not not a feminist

Lana Del Rey Says She’s ‘Definitely Not Racist,’ is ‘a Girl’s Girl’ In Non-Apology Video

Photo: David Fisher/Shutterstock

Were you looking to kick off your Memorial Day by revisiting a controversy from last week? If so, then you might want to check out Lizzie’s Lana Del Rey’s Instagram. The singer uploaded yet another post addressing the controversy surrounding her comments about other successful female artists like Beyoncé, Doja Cat, and Ariana Grande among others. In a six-minute black-and-white video captioned “Nobody gets to tell your story,” Del Rey attempts to justify her comments about her position in the music industry and the glamorization of abuse which drew criticism on the internet for being tone deaf and racially insensitive.

“Hey, so I don’t want to beat a dead horse and I don’t want to go on and on about this post thing,” a defensive Del Rey says at the top of the video, effectively doing both things at once. “I just want to remind you that in that post, my one and only personal declaration I’ve ever made - thanks for being so warm and welcoming - was about the need for fragility in the feminist movement.” Ok. Del Rey goes on to clarify specific statements she made in her initial post, including what she meant when she wrote that “there has to be a place in feminism for women who look and act like me.” “When I mentioned women who look like, I didn’t mean white like me,” says Del Rey. “I mean the kind of women who, you know, other people might not believe because they think ‘Oh, well look at her she fucking deserves it’ or whatever.”

Del Rey goes on to address “the women she mentioned” saying that while she considers them to be her “friends, peers and contemporaries,” she feels they are allotted more space for artistic expression than she is. “When I get on the pole people call me a whore, but when [FKA] Twigs gets on the pole it’s art,” she says, dragging yet another black female artist into this narrative. “The culture is super sick right now,” says Del Rey, “and the fact that they wan’t to turn my post, my advocacy for fragility into a race war… it’s really bad, it’s actually really bad.” Later in the video, Del Rey name checks former Democratic presidential candidate Marianne Williamson and the importance of reparations to the Navajo and African-American community while claiming to be fundamentally “a girl’s girl.” “I think what’s really sad is that as a personal advocate, as a girl’s girl, as someone who wants the best for every culture, you know, when Marianne Williamson was talking about reparations to the Black community that never got done during the emancipation - that was why I liked her, because I always felt that way.”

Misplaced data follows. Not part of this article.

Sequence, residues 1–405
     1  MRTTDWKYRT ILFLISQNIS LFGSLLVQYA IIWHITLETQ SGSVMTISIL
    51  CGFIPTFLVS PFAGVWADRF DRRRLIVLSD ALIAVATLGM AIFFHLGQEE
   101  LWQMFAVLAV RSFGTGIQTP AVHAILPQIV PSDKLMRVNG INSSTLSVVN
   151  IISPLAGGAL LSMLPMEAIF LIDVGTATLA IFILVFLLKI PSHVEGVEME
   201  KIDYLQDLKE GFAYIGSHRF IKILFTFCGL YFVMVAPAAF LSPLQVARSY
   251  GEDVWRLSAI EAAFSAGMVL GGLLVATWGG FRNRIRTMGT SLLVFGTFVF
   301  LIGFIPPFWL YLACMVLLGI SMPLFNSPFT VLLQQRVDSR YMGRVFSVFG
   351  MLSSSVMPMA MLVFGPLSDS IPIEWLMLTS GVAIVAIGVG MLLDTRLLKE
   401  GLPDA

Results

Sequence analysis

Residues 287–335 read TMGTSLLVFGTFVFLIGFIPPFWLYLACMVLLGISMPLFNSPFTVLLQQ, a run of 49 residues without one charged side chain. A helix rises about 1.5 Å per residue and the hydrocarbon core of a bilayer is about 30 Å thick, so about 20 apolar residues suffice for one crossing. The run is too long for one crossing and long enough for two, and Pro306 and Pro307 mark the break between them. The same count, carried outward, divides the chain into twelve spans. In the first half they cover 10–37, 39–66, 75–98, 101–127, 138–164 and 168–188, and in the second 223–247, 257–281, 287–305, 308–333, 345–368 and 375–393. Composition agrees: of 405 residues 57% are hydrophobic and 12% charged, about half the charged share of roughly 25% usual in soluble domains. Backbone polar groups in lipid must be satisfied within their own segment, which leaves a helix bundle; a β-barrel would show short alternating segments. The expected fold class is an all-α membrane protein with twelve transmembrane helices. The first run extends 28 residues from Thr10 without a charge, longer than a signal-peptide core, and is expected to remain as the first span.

Del Rey, who unfollowed Ariana Grande on Instagram, ends her video by vaguely addressing the damage her post has done to her relationship with some of the women that she mentioned in her post. “I’m sorry that some of the girls I talked to that I mentioned in that post have a super different opinion of my insight especially because we’ve been so close for so long,” says Del Rey, not clarifying which of the girls she is referring to. Woof. Someone needs to get Elizabeth Woolridge Grant a book on intersectional feminism ASAP. And for the record, Beyoncé is nobody’s peer.

Lana Del Rey Posts Non-Apology Instagram Video